When you look at employment stats, bear in mind that a lot of students are already working in education when they take this type of course and are studying to help their career development. This means they already have jobs when they start their course, and a lot of graduates continue to study, whilst working, when they complete their courses. If your course is focused on nursery or early years education, a lot of these graduates go into nursery work or classroom or education assistant jobs; these jobs are not currently classed as 'graduate level' in the stats (although they may well be in the future as classifications catch up with changes in the way we work), and many graduates who enter these roles say that a degree was necessary.

What about your long term prospects?

Looking further ahead, below is a rough guide for what graduates went on to earn.

Astrophysics

The graph shows median earnings of graduates who achieved a degree in this subject area one, three and five years after graduating from here.

£24k

£24k

£30k

£30k

Note: this data only looks at employees (and not those who are self-employed or also studying) and covers a broad sample of graduates and the various paths they've taken, which might not always be a direct result of their degree.

Education studies

The graph shows median earnings of graduates who achieved a degree in this subject area one, three and five years after graduating from here.

£21k

£21k

£23k

£23k

Note: this data only looks at employees (and not those who are self-employed or also studying) and covers a broad sample of graduates and the various paths they've taken, which might not always be a direct result of their degree.

Share this page

Expert tips for uni - straight to your inbox
Free to students, teachers and parents
Sign me up

This is what the university has told Ucas about the criteria they expect applicants to satisfy; some may be compulsory, others may be preferable.

Have a question about this info? Learn more here

This is the percentage of applicants to this course who received an offer last year, through Ucas.

Have a question about this info? Learn more here

This is what the university has told Ucas about the course. Use it to get a quick idea about what makes it unique compared to similar courses, elsewhere.

Have a question about this info? Learn more here

Course location and department:

This is what the university has told Ucas about the course. Use it to get a quick idea about what makes it unique compared to similar courses, elsewhere.

Have a question about this info? Learn more here

Teaching Excellence Framework (TEF):

We've received this information from the Department for Education, via Ucas. This is how the university as a whole has been rated for its quality of teaching: gold silver or bronze. Note, not all universities have taken part in the TEF.

Have a question about this info? Learn more here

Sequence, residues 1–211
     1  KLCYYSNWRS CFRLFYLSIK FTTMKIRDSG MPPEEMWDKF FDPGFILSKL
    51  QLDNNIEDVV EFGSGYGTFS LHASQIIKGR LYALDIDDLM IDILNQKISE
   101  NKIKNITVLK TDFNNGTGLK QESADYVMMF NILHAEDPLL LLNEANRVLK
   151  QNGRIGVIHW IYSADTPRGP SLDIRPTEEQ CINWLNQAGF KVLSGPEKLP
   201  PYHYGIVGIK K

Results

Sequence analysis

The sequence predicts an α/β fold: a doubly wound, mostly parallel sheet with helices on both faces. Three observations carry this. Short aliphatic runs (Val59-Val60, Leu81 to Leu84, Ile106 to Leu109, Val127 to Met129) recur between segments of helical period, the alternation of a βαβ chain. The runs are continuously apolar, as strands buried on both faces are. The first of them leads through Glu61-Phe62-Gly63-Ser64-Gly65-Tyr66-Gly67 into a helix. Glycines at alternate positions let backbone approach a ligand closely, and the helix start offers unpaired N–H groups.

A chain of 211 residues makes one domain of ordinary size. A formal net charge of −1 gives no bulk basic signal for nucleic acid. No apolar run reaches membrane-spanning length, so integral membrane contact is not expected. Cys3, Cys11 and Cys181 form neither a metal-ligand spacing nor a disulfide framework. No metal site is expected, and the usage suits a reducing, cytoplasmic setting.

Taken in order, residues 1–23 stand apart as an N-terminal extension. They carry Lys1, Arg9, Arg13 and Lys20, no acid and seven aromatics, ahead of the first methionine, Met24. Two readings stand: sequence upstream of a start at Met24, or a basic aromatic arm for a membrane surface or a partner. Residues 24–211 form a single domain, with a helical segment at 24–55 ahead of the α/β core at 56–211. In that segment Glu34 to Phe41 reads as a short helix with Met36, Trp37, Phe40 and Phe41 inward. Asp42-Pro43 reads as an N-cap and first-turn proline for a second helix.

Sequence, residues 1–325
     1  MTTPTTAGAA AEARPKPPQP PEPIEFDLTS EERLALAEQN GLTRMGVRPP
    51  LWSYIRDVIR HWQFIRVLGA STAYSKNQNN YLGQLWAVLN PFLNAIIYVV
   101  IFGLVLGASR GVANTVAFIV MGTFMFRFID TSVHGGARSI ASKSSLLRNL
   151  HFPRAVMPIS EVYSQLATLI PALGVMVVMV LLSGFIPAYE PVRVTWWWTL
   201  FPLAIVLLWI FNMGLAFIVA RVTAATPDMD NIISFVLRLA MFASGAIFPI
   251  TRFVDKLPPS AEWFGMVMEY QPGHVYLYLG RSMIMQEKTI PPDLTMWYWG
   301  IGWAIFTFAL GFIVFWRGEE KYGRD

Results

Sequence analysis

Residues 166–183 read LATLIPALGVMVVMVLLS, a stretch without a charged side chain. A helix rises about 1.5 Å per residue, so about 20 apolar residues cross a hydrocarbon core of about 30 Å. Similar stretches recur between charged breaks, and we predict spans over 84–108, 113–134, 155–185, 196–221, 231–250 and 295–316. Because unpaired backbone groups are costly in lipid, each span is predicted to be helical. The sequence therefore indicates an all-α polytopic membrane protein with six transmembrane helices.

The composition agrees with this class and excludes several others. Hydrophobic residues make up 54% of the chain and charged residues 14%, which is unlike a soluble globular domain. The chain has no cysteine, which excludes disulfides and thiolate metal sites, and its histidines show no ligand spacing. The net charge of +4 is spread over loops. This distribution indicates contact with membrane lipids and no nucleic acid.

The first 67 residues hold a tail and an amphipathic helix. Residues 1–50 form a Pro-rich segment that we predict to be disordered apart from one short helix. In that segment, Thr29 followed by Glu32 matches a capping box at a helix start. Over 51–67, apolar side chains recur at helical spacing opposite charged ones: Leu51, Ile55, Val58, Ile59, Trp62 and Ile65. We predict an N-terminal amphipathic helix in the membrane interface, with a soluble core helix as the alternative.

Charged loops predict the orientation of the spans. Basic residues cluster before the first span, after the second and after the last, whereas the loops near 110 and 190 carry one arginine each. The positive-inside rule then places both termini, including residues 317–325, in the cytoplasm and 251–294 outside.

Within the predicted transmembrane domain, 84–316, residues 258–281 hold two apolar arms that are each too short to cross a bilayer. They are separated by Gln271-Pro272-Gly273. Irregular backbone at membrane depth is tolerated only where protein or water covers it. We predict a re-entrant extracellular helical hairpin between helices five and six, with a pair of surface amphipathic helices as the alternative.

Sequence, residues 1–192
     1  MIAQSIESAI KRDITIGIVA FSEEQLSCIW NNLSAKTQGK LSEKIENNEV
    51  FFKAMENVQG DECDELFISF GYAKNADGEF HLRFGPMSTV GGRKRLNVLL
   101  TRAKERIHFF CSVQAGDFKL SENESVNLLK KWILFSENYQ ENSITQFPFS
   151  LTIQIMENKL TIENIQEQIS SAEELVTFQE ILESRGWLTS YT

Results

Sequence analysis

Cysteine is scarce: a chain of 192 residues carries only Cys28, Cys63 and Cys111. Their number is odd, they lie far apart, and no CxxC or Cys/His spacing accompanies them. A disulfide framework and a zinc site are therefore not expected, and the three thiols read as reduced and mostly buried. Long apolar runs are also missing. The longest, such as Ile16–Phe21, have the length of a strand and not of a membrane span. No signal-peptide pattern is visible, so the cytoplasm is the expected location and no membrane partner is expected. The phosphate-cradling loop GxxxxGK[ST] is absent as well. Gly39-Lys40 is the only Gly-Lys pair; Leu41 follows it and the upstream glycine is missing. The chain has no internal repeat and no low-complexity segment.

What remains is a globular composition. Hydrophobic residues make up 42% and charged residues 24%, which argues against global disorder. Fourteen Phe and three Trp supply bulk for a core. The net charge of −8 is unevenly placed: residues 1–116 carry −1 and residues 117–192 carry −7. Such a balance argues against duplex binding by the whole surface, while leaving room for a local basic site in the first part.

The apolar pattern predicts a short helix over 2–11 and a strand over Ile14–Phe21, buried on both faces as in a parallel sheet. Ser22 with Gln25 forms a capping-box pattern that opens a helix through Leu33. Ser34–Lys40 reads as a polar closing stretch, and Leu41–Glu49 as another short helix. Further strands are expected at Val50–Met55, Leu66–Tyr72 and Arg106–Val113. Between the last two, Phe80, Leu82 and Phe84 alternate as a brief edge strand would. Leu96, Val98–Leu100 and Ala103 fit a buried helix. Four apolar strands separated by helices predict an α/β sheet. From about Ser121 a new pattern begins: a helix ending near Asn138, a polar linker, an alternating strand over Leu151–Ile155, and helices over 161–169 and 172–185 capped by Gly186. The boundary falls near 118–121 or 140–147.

This information comes from the National Student Survey, an annual student survey of final-year students. You can use this to see how satisfied students studying this subject area at this university, are (not the individual course).

We calculate a mean rating of all responses to indicate whether this is high, medium or low compared to the same subject area at other universities.

Have a question about this info? Learn more here

This information is from the Higher Education Statistics Agency (HESA).

You can use this to get an idea of who you might share a lecture with and how they progressed in this subject, here. It's also worth comparing typical A-level subjects and grades students achieved with the current course entry requirements; similarities or differences here could indicate how flexible (or not) a university might be.

Have a question about this info? Learn more here

Post-six month graduation stats:

This is from the Destinations of Leavers from Higher Education Survey, based on responses from graduates who studied the same subject area here.

It offers a snapshot of what grads went on to do six months later, what they were earning on average, and whether they felt their degree helped them obtain a 'graduate role'. We calculate a mean rating to indicate if this is high, medium or low compared to other universities.

Have a question about this info? Learn more here

Graduate field commentary:

The Higher Education Careers Services Unit have provided some further context for all graduates in this subject area, including details that numbers alone might not show

Have a question about this info? Learn more here

The Longitudinal Educational Outcomes dataset combines HRMC earnings data with student records from the Higher Education Statistics Agency.

While there are lots of factors at play when it comes to your future earnings, use this as a rough timeline of what graduates in this subject area were earning on average one, three and five years later. Can you see a steady increase in salary, or did grads need some experience under their belt before seeing a nice bump up in their pay packet?

Have a question about this info? Learn more here